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US Study Looks At Tax Allowances Reform

24 July 2013   (0 Comments)
Posted by: Author: Mike Godfrey
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Author: Mike Godfrey

The suggestion that United States tax reform should begin with the "blank slate" approach of eliminating all tax expenditures has led the Committee for a Responsible Federal Budget (CRFB) to identify so-called "non-tax expenditure base provisions" (NTEBPs) as a further source of broadening the existing income tax base.

It was noted that the leaders of the Senate Finance Committee recently wrote a bipartisan letter to their Senate colleagues suggesting a "blank-slate" approach as the next step for tax reform. Under that method, all of the present exclusions, deductions and credits would be eliminated from the US tax base, with other lawmakers then being asked to provide, by July 26, 2013, justified proposals for those tax expenditures they want to add back into a reformed tax code.

However, in an article, the CRFB points out that NTEBPs, as well as tax expenditures, are provisions in the US tax code that narrow the tax base and allow for a reduced tax burden but are not being eliminated under a blank slate exercise "because they do not represent a clear divergence from a 'clean' tax code."

For example, it is said, under the "normal" income tax framework, the general structure of individual income tax includes a personal exemption for each taxpayer and each dependent, and the existing tax rate schedule. For corporate taxation, with an emphasis on taxing net income, normal business expenses are allowed to be deducted. In fact, the article's authors identify 13 NTEBPs that policymakers could consider reducing, repealing or modifying.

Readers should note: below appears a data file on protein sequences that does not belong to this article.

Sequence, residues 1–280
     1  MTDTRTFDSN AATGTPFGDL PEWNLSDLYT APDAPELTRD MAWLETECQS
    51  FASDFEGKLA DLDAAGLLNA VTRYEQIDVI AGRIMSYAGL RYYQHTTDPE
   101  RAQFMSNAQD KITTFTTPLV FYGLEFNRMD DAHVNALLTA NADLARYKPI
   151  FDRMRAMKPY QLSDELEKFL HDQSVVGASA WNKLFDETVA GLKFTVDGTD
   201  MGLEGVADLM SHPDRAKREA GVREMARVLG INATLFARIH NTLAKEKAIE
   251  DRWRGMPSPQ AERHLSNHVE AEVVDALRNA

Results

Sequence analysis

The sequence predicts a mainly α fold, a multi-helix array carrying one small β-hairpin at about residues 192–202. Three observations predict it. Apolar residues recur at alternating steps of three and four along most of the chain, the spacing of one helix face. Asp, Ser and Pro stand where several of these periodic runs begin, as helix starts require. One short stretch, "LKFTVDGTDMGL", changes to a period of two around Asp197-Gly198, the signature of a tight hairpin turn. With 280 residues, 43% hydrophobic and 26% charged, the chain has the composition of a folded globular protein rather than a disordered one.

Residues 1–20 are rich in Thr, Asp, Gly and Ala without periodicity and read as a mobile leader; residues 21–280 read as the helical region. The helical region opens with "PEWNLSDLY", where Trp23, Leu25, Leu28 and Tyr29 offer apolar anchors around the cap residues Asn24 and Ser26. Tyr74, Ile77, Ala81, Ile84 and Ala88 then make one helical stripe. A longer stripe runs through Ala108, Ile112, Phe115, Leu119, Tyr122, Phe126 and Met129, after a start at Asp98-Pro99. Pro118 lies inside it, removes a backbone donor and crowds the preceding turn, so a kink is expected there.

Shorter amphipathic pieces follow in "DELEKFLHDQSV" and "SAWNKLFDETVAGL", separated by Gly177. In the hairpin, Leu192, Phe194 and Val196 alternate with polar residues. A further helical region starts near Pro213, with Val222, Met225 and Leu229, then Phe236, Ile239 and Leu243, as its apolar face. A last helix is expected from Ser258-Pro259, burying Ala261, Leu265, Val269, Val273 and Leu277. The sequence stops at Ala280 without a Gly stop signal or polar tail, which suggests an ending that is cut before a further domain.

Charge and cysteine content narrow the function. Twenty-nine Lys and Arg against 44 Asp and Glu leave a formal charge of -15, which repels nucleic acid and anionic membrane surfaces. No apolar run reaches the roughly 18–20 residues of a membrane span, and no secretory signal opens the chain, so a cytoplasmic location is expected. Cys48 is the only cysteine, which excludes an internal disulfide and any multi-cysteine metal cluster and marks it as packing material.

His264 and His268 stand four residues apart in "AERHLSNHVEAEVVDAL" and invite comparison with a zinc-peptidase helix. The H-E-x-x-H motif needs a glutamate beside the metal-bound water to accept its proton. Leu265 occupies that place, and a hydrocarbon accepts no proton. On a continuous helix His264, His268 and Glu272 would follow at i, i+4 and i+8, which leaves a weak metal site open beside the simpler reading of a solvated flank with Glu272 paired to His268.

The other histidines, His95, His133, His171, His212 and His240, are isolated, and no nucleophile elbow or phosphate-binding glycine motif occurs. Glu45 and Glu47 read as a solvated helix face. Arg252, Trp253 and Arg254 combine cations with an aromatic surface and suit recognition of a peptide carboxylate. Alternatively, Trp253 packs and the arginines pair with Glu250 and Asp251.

Individual NTEBPs to be studied include the expense deduction for employees who move for employment reasons; expense deductions for employees over the cost of, for example, professional journals and publications, uniforms and dues paid to professional organizations; the deduction for business expenses related to a taxpayer's home; and the standard deduction for taxpayers who do not itemize mortgage interest, charitable giving, or state and local taxes.

Within the business NTEBPs to be examined, the deductibility of advertising costs, employee training costs; state and local income taxes, interest expenses, meals and entertainment expenses, and amortized intangible expenses, are put under the spotlight.

The article concludes that NTEBPs "are an important part of the code that deserve careful review and far more attention than they have received to date. …These provisions alone demonstrate that significant revenue (to reduce tax rates) can also be found by including these less-highlighted elements of the code in base-broadening discussions."

"Among other goals," it adds, "tax reform should help to ensure that income is being measured accurately and that opportunities to curb abuses or better allocate limited resources are not missed. That objective requires reviewing tax expenditures and NTEBPs alike."









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